I’ve worked with families in crisis for 16 years. I truly love what I do, and I couldn’t see myself doing anything else. My experience with the Department of Children and Families had the most profound impact on my life.
I had no idea what to expect when I started as a Child Protective Investigator. I knew I would be keeping children safe from abuse and neglect, but what about their parents? Being a parent myself, I couldn’t help but wonder what could possibly bring a parent to the point of needing DCF intervention. Don’t get me wrong, I watched the news. I knew there was evil in the world. But nothing could have prepared me for the first few weeks of training, just watching the number of calls that came in. There were so many.
I knew in my heart that not every call involved a parent who was intentionally abusing or neglecting their children. Still, I wondered why there were so many families that truly required Department involvement. As I started shadowing other investigators, it became clear to me.
A majority of the calls were simply parents in crisis. There were a multitude of reasons: domestic violence, untreated mental illness, self-medicating with substances, poverty, lack of education. They wanted to be good parents and productive members of society—they simply didn’t have the means to do so and didn’t know how.
I did my best to address the core issues within each family. I wanted to help them get to where they wanted and deserved to be. Every parent I met with knew why I was there. But I treated them with the dignity and respect needed to feel safe enough to share their stories. When I did that, each family had a chance to grow and make real changes.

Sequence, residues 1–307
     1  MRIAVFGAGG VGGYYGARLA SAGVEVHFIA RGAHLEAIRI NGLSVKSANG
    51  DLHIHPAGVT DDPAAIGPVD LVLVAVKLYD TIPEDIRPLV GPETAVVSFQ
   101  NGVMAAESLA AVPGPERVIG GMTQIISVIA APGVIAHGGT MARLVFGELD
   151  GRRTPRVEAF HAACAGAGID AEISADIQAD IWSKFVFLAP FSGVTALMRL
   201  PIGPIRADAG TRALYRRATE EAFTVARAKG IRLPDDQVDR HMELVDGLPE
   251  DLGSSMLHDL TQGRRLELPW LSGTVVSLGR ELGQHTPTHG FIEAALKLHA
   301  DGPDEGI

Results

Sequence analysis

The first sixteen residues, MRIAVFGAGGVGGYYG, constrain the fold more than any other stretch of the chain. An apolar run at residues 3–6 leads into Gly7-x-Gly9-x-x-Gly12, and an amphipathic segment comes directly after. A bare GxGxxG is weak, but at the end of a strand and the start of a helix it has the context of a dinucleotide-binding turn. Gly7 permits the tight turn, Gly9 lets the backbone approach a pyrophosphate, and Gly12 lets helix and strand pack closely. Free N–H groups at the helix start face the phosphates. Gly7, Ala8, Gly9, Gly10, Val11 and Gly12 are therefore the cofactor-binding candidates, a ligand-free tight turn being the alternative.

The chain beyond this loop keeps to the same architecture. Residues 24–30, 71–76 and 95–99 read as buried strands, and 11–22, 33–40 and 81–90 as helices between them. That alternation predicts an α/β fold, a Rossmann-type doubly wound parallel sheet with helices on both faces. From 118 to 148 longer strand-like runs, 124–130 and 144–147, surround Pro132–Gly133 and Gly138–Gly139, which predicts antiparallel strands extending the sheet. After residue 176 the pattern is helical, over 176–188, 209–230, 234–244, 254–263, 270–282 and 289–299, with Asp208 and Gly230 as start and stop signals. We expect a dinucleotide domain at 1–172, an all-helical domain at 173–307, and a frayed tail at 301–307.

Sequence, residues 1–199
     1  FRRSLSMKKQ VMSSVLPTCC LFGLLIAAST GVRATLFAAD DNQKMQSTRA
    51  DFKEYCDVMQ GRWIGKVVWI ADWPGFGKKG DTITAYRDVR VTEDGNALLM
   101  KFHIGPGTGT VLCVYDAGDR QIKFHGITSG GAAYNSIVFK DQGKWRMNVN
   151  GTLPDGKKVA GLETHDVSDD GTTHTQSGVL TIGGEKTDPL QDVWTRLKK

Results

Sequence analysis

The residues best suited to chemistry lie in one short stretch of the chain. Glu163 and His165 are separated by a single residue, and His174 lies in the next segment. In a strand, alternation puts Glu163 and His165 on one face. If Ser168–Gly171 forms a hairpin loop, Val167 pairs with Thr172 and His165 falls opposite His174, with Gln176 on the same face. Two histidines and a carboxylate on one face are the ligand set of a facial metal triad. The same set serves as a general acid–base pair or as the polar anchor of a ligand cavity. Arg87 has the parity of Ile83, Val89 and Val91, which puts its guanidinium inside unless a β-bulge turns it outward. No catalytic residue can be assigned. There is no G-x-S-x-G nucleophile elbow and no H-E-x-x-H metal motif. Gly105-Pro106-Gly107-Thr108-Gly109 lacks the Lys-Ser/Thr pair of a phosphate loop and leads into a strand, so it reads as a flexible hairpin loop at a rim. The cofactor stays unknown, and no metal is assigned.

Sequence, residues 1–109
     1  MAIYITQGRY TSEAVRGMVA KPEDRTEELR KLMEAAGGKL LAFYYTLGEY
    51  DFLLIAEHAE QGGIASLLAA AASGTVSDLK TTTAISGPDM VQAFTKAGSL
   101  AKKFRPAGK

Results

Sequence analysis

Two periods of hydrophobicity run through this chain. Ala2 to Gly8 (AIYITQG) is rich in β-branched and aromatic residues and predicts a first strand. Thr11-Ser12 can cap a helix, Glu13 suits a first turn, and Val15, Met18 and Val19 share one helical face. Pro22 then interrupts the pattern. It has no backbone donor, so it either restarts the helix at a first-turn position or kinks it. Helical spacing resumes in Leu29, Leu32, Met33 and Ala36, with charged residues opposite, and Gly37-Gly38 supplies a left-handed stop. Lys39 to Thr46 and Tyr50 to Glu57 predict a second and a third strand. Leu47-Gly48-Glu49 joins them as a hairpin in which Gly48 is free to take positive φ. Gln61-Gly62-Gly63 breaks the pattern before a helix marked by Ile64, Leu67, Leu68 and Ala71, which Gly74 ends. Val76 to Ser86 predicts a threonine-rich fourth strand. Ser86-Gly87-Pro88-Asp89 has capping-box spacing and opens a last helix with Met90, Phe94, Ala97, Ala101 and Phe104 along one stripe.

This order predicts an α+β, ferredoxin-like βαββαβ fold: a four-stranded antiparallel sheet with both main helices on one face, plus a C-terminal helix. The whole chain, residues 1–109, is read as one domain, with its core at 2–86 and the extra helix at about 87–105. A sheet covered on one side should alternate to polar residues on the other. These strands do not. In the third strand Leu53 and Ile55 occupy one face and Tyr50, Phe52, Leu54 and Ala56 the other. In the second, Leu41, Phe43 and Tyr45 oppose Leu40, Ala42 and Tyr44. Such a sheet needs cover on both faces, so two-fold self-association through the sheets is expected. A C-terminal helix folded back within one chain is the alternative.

Some of the most tragic cases I had were due to the family being isolated with no positive support system in the area. I had a mom whose appendix ruptured while she was at home with her two young children. It was at least 48 hours before anyone found her. The house was in disarray, the children were dirty with soiled diapers, and there was food all over the floor. Mom was rushed to the hospital and almost died. She was alone with no family in the area. I had no choice but to shelter her children.
I had a mom fleeing from a domestic violence relationship. The father of her two young children had come back to the home in the middle of the night, broke down her door, and beat her in front of her children. Again, mom had no one local to help her. The shelters were full. No matter how much mom wanted to protect her children, she couldn’t. Mom couldn’t protect herself. I had no choice but to shelter her children.
These situations are way too common. If you have never experienced truly being alone with no one to reach out to for help, you have no idea how terrifying it can be. Parents need positive people in their lives for guidance and support. Parenting alone is a challenge, but add poverty, mental illness, domestic violence, substance abuse, and more to the mix—it can turn into a frightening and dangerous situation most people can’t get out of alone.
It’s important for us as a community to support these families in need. To help them make meaningful changes in their lives. To be there for them when they don’t think they can keep going. A simple “I’m here for you” can make all the difference.